Sensitivity and Dynamic Range
Before taking a closer look at the quality of an image, it is important to ensure that the system is sensitive enough to capture the fluorescence signals, which can be very weak, depending on the individual application. Sensitivity should be understood as the minimum amount of light that is required to generate a signal that can be distinguished from noise. An important value is the quantum efficiency (QE) describing the ratio between the incident photons of the light source and the generated electrons of the pixel. It depends on the wavelength, and to get the best result, the spectrum of a given sensor should fit with the emission spectra of the fluorophores in the application. The higher the QE, the better the yield of photons, enabling shorter exposure times, reducing photo bleaching of fluorophores, and potentially improving overall imaging speed.
Often it is also beneficial to have a wide range of light intensities that can be resolved with one exposure. Here the full well capacity is relevant. It describes the maximum number of electrons that can be generated by one pixel per exposure. The higher the full well capacity, the more light can be captured before a pixel is saturated, reducing the requirement of additional exposures due to saturation.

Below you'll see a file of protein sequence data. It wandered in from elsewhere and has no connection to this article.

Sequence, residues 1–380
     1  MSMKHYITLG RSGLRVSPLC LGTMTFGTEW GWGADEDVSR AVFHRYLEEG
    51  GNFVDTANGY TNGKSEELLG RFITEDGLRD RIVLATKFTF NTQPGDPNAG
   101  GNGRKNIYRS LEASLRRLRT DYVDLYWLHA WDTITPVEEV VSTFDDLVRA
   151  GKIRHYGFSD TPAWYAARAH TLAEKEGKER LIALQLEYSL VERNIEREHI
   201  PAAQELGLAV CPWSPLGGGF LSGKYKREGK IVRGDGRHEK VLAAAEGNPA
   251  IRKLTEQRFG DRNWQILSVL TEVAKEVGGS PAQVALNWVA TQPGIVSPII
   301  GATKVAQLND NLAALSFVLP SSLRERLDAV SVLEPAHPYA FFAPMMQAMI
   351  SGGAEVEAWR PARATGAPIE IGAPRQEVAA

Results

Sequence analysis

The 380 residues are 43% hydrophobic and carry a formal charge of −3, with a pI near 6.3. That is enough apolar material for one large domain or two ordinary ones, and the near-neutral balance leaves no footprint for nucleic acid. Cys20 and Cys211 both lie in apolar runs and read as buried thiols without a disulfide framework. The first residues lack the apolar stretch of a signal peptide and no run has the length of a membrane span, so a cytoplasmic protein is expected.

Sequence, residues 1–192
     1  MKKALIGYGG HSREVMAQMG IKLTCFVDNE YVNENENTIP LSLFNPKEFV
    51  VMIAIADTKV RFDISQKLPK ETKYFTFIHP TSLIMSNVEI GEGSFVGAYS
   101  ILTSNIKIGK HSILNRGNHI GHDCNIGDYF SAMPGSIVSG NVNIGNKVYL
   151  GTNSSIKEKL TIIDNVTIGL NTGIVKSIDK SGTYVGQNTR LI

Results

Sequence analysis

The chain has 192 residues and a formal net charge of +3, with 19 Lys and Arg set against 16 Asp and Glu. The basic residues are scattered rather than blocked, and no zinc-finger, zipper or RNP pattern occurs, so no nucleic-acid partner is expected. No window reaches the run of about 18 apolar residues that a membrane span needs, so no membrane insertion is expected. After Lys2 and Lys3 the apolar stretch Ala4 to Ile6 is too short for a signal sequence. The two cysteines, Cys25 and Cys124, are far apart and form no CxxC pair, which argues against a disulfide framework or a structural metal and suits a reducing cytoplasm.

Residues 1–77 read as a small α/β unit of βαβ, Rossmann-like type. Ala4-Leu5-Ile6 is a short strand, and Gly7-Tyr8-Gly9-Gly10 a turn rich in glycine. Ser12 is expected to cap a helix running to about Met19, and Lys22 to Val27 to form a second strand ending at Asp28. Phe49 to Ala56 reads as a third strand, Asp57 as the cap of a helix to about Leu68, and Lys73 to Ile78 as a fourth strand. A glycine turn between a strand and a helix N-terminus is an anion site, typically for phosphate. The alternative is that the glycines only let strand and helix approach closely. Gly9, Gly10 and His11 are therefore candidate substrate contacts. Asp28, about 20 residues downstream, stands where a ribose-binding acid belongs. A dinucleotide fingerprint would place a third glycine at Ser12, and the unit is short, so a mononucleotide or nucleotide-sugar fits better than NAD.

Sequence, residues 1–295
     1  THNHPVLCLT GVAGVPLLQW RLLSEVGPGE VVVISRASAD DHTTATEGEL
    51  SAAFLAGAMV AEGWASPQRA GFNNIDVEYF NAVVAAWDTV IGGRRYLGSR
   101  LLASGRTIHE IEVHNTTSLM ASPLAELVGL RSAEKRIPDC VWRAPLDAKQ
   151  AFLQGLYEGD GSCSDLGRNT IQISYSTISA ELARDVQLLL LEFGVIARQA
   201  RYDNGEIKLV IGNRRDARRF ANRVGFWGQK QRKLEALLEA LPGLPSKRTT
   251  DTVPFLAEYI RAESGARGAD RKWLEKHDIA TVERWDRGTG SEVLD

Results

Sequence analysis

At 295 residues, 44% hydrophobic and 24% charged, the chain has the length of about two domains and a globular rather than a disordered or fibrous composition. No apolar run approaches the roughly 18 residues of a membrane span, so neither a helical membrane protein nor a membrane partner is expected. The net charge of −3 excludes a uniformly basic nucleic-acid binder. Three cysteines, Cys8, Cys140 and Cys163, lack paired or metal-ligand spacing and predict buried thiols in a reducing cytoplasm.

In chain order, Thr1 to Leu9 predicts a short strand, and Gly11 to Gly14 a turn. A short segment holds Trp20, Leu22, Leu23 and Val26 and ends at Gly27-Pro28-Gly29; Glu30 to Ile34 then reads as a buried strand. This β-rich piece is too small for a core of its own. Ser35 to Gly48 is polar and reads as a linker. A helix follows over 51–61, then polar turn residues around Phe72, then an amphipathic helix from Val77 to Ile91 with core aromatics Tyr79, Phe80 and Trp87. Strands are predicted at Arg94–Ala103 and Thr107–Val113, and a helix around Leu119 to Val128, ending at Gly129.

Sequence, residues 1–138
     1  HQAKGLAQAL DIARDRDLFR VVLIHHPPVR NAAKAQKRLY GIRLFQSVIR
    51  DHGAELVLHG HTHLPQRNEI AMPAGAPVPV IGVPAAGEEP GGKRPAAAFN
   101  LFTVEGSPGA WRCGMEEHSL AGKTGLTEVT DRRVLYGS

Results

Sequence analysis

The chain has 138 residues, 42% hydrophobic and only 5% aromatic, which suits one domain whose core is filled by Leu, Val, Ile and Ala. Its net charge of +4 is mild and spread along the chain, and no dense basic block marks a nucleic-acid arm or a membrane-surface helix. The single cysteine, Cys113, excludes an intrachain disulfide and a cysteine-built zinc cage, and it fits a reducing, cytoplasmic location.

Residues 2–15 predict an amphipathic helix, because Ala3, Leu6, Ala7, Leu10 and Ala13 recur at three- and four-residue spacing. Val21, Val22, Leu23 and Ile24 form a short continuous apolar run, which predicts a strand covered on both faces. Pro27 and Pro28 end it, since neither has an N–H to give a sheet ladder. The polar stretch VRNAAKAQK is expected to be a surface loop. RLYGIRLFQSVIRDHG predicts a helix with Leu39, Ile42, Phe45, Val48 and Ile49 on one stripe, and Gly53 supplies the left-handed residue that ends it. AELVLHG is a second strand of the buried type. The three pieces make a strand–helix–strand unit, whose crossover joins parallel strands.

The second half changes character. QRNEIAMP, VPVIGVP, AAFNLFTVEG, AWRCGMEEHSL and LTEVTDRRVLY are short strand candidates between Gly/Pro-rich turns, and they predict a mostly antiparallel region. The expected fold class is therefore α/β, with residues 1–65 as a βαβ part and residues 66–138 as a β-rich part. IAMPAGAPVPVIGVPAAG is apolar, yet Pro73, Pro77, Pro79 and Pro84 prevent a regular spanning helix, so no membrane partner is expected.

Combining the maximum number of electrons with the lowest number of electrons required to produce a true signal (see “read noise” in the next section), the dynamic range characterizes a camera’s overall ability to measure and distinguish different levels of light.
Finally, there is the absolute sensitivity threshold, which is the number of photons required by one pixel to generate a signal-to-noise ratio (SNR) of 1 — meaning the signal is equivalent to the noise. The smaller this value, the less light is required to produce a true signal. Because it does not take into account the pixel size, it cannot be directly used to compare two cameras when their pixel sizes are different.